Picture: FOTO24/ MARY-ANN PALMER/ GALLO IMAGES
Picture: FOTO24/ MARY-ANN PALMER/ GALLO IMAGES

Inspired by your reader, Farouk Araie (Letters, April 11-17), I have decided to write the second reader’s letter of my life.

My paternal grandfather was injured in the battle of Verdun during World War 1.

My maternal grandfather was reported missing in action after the battle of Stalingrad.

Why do I write this to you? Because those are the sad results of hatred. Hatred caused World War 1 — and World War 2 even more so. Adolf Hitler’s hatred killed millions of people and destroyed Europe.

Today we know Hitler came to power largely because of the economic crisis of the 1930s. The Great Depression and Germany’s hyperinflation wiped out a good part of the middle class and sent them voting for "radical" change against "Jewish monopoly capital".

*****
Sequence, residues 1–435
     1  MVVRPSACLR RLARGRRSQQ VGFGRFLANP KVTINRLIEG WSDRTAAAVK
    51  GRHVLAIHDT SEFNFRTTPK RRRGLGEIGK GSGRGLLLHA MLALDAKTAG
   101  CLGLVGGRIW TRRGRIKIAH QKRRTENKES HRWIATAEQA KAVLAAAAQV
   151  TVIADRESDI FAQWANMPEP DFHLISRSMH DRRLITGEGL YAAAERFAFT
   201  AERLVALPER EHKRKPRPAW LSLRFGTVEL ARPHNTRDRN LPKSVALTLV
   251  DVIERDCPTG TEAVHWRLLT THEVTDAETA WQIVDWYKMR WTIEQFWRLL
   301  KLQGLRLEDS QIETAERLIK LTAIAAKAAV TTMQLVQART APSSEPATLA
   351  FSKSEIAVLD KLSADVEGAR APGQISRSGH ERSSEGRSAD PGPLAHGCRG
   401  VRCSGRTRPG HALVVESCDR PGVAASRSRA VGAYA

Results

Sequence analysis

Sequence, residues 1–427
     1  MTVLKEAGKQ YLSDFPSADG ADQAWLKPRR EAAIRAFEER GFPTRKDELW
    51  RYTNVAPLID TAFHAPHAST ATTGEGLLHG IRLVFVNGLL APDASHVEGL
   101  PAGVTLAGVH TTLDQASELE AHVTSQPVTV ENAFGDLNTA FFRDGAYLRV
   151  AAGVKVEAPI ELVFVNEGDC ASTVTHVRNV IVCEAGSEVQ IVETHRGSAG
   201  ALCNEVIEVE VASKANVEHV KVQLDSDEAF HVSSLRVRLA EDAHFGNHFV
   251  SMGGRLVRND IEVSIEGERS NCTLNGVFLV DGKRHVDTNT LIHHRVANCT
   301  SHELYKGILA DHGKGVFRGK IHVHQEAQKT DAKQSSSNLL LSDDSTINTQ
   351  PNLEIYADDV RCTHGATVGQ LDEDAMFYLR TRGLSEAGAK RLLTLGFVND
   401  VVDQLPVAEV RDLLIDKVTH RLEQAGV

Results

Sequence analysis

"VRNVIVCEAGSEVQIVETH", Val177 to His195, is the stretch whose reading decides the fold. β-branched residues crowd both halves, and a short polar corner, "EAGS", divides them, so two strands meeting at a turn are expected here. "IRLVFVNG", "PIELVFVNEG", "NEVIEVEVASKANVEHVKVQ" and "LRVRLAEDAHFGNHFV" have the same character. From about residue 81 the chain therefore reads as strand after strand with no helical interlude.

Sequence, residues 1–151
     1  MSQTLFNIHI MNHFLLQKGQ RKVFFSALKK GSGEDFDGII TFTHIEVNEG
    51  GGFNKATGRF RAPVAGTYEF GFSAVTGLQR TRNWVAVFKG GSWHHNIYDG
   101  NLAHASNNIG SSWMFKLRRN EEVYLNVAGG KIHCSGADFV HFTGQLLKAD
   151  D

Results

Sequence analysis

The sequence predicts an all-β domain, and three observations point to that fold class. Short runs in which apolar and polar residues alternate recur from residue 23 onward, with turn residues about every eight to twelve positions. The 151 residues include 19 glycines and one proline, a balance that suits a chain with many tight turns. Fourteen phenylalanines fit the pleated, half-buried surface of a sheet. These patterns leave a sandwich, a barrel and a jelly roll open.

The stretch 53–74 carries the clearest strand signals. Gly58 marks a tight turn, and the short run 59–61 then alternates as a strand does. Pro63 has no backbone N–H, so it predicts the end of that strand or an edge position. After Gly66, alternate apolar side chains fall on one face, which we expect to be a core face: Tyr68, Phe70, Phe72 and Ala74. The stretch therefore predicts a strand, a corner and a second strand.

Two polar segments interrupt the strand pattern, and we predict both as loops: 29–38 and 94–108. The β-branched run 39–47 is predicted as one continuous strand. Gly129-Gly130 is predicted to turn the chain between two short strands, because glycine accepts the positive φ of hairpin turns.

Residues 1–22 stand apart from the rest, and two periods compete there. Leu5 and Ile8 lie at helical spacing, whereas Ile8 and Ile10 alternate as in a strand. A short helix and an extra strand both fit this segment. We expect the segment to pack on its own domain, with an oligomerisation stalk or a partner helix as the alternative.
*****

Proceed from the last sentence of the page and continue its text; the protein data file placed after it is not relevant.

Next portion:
Does this sound familiar? Well, yes: just replace a few words and here you are with the EFF.

Why do I write this? I’m invested in SA. It’s a risk — but it’s also a chance. I prefer not to ignore the risks, but to see the chances as well.

The risks? Well, if ever you read this, Mr Cyril Ramaphosa: don’t be fooled like the German chancellor, Franz von Papen.

He thought making a coalition with the National Socialist German Workers’ Party and Hitler — "binding" the Nazis into government — would limit their power.

We all know this didn’t work.

A governing coalition with the EFF would be the end of SA as we know it. If this happens, I won’t be the only one to sell my entire investment in the country.

Fighting the EFF message is the only alternative. How to do this? It’s both easy and difficult. The difficult part is economic growth. Radicalism is a plant that grows in poverty. And the easy part (don’t laugh) is love — love between the different races in SA.

No-one really learns from history — but sometimes people see a hole before they fall in.

So why not invite someone of another race for coffee today and make a start? Quoting Bob Marley, I’ll finish with what seems a strange sentence in an economic publication: let love rule.

Matthias Kiunke
Berlin, Germany